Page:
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Former T.C. Williams Teacher Sentenced to One Year in Prison

Stephen Miarer engaged in inappropriate relationships with at least two students.

T.C. Williams is Alexandria's only public high school. (Patch file photo)
T.C. Williams is Alexandria's only public high school. (Patch file photo)

A T.C. Williams High School teacher who engaged in inappropriate relationships with students younger than 18 years old will serve one year in prison. 

Stephen Miarer, 38, of Woodbridge was sentenced Thursday on two counts of taking indecent liberties with juveniles. He pleaded guilty on Oct. 31.

The relationships involved unlawful physical contact of a sexual nature inside the school with at least two students.

Miarer was sentenced to a total of 10 years, with nine years suspended provided he exhibits 10 years of good behavior, undergoes five years of supervised probation and has no contact his victims.

Miarer was also ordered to complete sex offender treatment as a condition of his probation and is not to have unsupervised contact with any children except his own.   

“The judge’s just sentence, which represented an upwards departure from the applicable advisory sentencing guidelines, was appropriate because the defendant used his position as a teacher to sexually exploit several students,” Deputy Commonwealth’s Attorney Cathryn Evans said in a release. “The defendant, who was 20 years older than his victims, was prosecuted under the Virginia code section designed to protect minors from sexual exploitation by adults who hold positions of trust or authority over them.”

Miarer resigned from his job at T.C. Williams, where he worked for 10 years, following an investigation into his actions.

T.C. Williams Principal Suzanne Maxey informed parents about the investigation in a June 10, 2013 letter.

“Last Friday, two students reported rumors that one of our male teachers was having inappropriate relations with several of our female students,” Maxey wrote. “As we do with any rumor, we thoroughly investigated the situation. Within a short time, we discovered enough information to contact ACPS Human Resources and remove the teacher from the school. The police have been contacted and all appropriate actions are being taken.”

Raine Koch January 02, 2014 at 06:17 PM
One year? One year for touching, actually -- sexually abusing -- minors. He was a teacher, a person put in a position of trust. What exactly are the the "applicable advisory sentencing guidelines" and how is this a departure from the past that made this sentence appropriate? This is a serious question, I am not trying to be sarcastic here.
Rachel M. Roberts January 03, 2014 at 07:06 PM
I don't see anything about forfeiture of his teaching credentials either. This is a gross miscarriage of judicial law....only one year.
Maureen Clyne January 04, 2014 at 09:45 AM
What is totally overlooked - one might say ignored - in this case an in many others, is the lifelong affect of child sexual abuse on the victim. That is rarely factored into the predator's sentence. Research shows that within the first five years of the first offense, the recidivism for child molesters is 20% - one in five. However, serious psychological and emotional affects for the victim are much much higher - and usually last a lifetime. In addition, child sexual abuse significantly increases the probability of suicide: According to the National Institutes of Mental Health: "Among those sexually abused as children, odds of suicide attempts were 2-4 times higher among women and 4-11 times higher among men, compared with those not abused, controlling for other adversities." Furthermore, the fact that this guy is prevented only from contact with his victims and not other children is absolutely appalling. One need only look at the epidemic of child sexual abuse in the Catholic Church, where offenders continued to abuse children no matter where they were. I personally think that molesters should receive life in prison with no parole - because their victims are sentenced to a life sentence of misery, with no parole.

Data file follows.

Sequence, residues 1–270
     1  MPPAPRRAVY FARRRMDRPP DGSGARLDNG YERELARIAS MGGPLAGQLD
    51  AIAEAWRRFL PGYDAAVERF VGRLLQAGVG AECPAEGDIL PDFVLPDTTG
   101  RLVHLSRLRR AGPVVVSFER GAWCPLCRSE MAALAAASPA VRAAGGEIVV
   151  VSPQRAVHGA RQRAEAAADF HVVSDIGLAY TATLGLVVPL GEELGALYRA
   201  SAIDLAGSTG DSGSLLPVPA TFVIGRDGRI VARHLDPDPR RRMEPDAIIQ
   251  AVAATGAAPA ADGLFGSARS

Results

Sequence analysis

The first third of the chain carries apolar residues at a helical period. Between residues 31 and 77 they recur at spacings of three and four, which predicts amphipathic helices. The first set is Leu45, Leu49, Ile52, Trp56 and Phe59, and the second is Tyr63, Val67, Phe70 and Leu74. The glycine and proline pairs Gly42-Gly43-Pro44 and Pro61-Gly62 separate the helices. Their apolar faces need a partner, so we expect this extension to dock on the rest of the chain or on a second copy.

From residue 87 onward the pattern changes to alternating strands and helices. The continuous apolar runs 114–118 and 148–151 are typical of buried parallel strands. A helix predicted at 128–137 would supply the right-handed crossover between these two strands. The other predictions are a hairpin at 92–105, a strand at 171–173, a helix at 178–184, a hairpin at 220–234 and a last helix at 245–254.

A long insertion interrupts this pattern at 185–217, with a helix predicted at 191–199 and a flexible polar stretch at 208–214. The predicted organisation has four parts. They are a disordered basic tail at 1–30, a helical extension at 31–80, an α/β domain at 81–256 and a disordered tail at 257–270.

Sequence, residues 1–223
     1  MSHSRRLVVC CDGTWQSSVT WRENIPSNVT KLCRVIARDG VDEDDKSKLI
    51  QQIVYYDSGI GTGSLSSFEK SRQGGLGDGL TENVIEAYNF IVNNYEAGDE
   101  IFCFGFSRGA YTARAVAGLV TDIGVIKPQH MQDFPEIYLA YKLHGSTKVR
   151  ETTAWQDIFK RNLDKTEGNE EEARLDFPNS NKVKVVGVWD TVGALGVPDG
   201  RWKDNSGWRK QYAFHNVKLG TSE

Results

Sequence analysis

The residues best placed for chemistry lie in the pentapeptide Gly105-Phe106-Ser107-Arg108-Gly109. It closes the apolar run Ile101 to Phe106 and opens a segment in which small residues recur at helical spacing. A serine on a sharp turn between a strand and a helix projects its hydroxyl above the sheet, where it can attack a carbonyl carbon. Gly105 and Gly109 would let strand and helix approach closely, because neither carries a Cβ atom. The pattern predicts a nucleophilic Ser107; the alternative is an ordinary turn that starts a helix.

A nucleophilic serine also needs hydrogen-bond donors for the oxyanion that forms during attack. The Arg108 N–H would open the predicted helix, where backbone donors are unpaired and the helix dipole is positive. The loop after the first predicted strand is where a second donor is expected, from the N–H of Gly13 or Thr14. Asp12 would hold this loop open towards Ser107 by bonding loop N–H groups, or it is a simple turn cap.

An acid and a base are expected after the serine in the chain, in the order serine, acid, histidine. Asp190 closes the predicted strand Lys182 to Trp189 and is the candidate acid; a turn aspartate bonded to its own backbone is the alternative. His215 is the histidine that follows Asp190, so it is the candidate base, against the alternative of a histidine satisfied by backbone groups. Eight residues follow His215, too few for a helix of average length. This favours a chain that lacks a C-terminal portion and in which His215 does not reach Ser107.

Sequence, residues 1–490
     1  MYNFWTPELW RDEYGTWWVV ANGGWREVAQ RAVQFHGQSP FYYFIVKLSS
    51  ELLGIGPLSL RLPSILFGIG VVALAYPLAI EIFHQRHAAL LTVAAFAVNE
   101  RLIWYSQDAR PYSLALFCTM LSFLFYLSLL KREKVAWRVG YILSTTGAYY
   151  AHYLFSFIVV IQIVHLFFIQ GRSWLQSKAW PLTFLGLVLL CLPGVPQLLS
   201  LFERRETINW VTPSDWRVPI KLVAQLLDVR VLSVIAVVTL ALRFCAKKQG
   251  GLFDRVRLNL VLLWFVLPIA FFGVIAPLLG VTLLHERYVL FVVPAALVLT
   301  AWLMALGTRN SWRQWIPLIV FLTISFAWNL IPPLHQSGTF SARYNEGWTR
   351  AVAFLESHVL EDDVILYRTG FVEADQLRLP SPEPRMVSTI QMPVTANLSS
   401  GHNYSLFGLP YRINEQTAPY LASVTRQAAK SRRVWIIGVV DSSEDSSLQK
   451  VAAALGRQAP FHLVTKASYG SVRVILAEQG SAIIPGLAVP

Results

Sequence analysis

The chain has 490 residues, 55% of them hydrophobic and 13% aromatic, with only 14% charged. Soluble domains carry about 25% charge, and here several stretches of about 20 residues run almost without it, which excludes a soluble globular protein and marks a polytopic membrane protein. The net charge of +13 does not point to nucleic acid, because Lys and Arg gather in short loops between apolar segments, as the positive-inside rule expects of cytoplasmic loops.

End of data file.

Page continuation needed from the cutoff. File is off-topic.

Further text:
Maureen Clyne January 04, 2014 at 09:48 AM
PS - suffering child sexual abuse can increase the likelihood of substance abuse, sexual dysfunction, difficulty in establishing and maintaining appropriate boundaries, which in turn can lead the victim into a pattern of abusive relationships. Even with therapy.
NoBS January 04, 2014 at 09:04 PM
I can't confirm this - it's pure gossip - but I heard that there was no actual intercourse. Did anyone else hear that? The story I got from kids at TC was that there was kissing and making out but no actual sex. I don't know if that would explain the seemingly lite sentence. It's actually a 10 year sentence but 9 years suspended if he complies with various terms of probation. I understand we'll never get the full story due to student/victim privacy concerns, but it's lamentable that we aren't getting a clear picture of exactly what did or did not happen in this case.
Diana Curfiss January 05, 2014 at 11:33 AM
There should be a law that once you sexually abuse a child their nuts should be cut off. That goes for the serial rapist. STOP the urges at once. It's not cruel because they lost the right to own them. What's cruel is the child or woman who has to live with the memories. I hope and pray they have someone to talk to.
NoBS January 06, 2014 at 06:27 AM
Cutting their "nuts" off won't stop the "urges." Pedophilia is in the brain, not the genitals. A rapist who can't rape with his genitals will rape with a foreign object or worse, move on to murder. Locking them up is the only real protection we have short of the death penalty.
Maureen Clyne January 06, 2014 at 08:09 AM
NoBS is right - rape/sexual abuse are crimes of power and not sexuality. So castration, etc. won't solve the problem. Lock up is indeed the best solution.

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